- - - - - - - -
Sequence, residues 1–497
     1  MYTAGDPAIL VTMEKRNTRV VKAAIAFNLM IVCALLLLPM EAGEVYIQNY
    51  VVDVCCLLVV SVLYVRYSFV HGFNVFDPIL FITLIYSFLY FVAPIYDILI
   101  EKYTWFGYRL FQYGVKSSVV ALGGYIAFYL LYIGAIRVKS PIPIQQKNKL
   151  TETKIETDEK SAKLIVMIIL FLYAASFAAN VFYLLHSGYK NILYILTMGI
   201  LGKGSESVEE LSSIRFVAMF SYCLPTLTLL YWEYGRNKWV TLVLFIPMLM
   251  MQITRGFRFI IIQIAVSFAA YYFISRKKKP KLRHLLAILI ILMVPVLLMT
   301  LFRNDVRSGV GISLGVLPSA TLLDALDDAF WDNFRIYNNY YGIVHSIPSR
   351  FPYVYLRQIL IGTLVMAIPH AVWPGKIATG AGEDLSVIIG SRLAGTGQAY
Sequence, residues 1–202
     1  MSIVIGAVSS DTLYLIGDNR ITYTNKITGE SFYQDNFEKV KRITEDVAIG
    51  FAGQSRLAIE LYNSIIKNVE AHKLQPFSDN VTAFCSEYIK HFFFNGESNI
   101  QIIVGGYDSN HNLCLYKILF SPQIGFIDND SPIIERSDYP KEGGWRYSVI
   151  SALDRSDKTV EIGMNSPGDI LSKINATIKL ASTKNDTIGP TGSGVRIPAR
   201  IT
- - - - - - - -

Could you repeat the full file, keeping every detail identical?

Sequence, residues 1–497
     1  MYTAGDPAIL VTMEKRNTRV VKAAIAFNLM IVCALLLLPM EAGEVYIQNY
    51  VVDVCCLLVV SVLYVRYSFV HGFNVFDPIL FITLIYSFLY FVAPIYDILI
   101  EKYTWFGYRL FQYGVKSSVV ALGGYIAFYL LYIGAIRVKS PIPIQQKNKL
   151  TETKIETDEK SAKLIVMIIL FLYAASFAAN VFYLLHSGYK NILYILTMGI
   201  LGKGSESVEE LSSIRFVAMF SYCLPTLTLL YWEYGRNKWV TLVLFIPMLM
   251  MQITRGFRFI IIQIAVSFAA YYFISRKKKP KLRHLLAILI ILMVPVLLMT
   301  LFRNDVRSGV GISLGVLPSA TLLDALDDAF WDNFRIYNNY YGIVHSIPSR
   351  FPYVYLRQIL IGTLVMAIPH AVWPGKIATG AGEDLSVIIG SRLAGTGQAY
Sequence, residues 1–202
     1  MSIVIGAVSS DTLYLIGDNR ITYTNKITGE SFYQDNFEKV KRITEDVAIG
    51  FAGQSRLAIE LYNSIIKNVE AHKLQPFSDN VTAFCSEYIK HFFFNGESNI
   101  QIIVGGYDSN HNLCLYKILF SPQIGFIDND SPIIERSDYP KEGGWRYSVI
   151  SALDRSDKTV EIGMNSPGDI LSKINATIKL ASTKNDTIGP TGSGVRIPAR
   201  IT